After the debate I yell texted my super smart friend, “I THINK I JUST WON AGAINST A THIRD YEARER.” Obviously, I was excited. I entered this competition not expecting to win, but when my performances were better than expected, suddenly I was pleased with myself. I was becoming prideful.

The next four debate rounds didn’t help quell this feeling, as each were the same as before. I executed articulately, logically, and with forthrightness. It’s an understatement to say I never thought my first tournament would be this amazing. Dreams starting floating into my mind about breaking into the out rounds (playoffs for debate, so to speak). For a first-year debater to do that! Wow, that would be something. I ranted on and on to my mom about how good my chances of advancing were. “There is no way I’m not breaking,” I said repeatedly.  She was happy for me, as a mother always is, but she warned me, “Liam, I don’t want you to be overconfident and think that you’re going to break. You never know what’s going to happen. You might be setting yourself up for a big disappointment.” She was right, I didn’t know what would happen. But that never occurred to me then, the results seemed very apparent and I was way too wrapped up in myself. The only thoughts that were going through my head were about how I was going to break.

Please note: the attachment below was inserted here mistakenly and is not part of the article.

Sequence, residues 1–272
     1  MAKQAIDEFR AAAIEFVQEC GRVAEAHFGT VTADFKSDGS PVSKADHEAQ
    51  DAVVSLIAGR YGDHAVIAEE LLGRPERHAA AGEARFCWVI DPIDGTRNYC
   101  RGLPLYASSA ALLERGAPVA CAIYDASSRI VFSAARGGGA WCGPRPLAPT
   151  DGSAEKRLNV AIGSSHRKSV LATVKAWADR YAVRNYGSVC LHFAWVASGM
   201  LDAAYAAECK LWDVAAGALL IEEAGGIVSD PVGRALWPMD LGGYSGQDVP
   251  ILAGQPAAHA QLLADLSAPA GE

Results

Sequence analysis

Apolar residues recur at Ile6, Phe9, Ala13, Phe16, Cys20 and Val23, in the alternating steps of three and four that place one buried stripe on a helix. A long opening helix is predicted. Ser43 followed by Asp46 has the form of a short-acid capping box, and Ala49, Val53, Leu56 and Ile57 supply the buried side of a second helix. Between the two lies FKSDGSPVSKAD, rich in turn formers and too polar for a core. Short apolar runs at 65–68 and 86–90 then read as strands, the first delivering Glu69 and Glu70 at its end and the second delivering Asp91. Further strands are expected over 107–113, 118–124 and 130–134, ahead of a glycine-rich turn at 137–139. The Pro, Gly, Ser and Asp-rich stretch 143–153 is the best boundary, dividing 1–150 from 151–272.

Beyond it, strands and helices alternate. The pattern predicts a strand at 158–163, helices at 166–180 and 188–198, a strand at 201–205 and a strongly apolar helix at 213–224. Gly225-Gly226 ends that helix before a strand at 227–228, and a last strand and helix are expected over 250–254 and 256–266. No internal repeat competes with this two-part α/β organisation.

When the debate rounds were over, all the participants gathered together in a large college hall filled with rows of chairs. Everyone huddled in their groups as they encouraged each other over their odds. Yes, the time had come – the results. The clock kept ticking, and ticking, and ticking; and my heart was throbbing every second, waiting for the announcer to show up. But finally, the moment came. One of the leaders of the debate organization walked to the podium and spoke to the crowd of excited teenagers, “Are you all ready?”  Yes, I am.

Somehow in the back of my mind I knew what was going to happen. She started listing off the names of those who broke, “Sawyers, Strenstrom, Seaman…” Yes, there were lots of S’s, but the one I was waiting for was Siegler. I kept listening and listening…to my dismay I never heard it. The results were final. I didn’t break.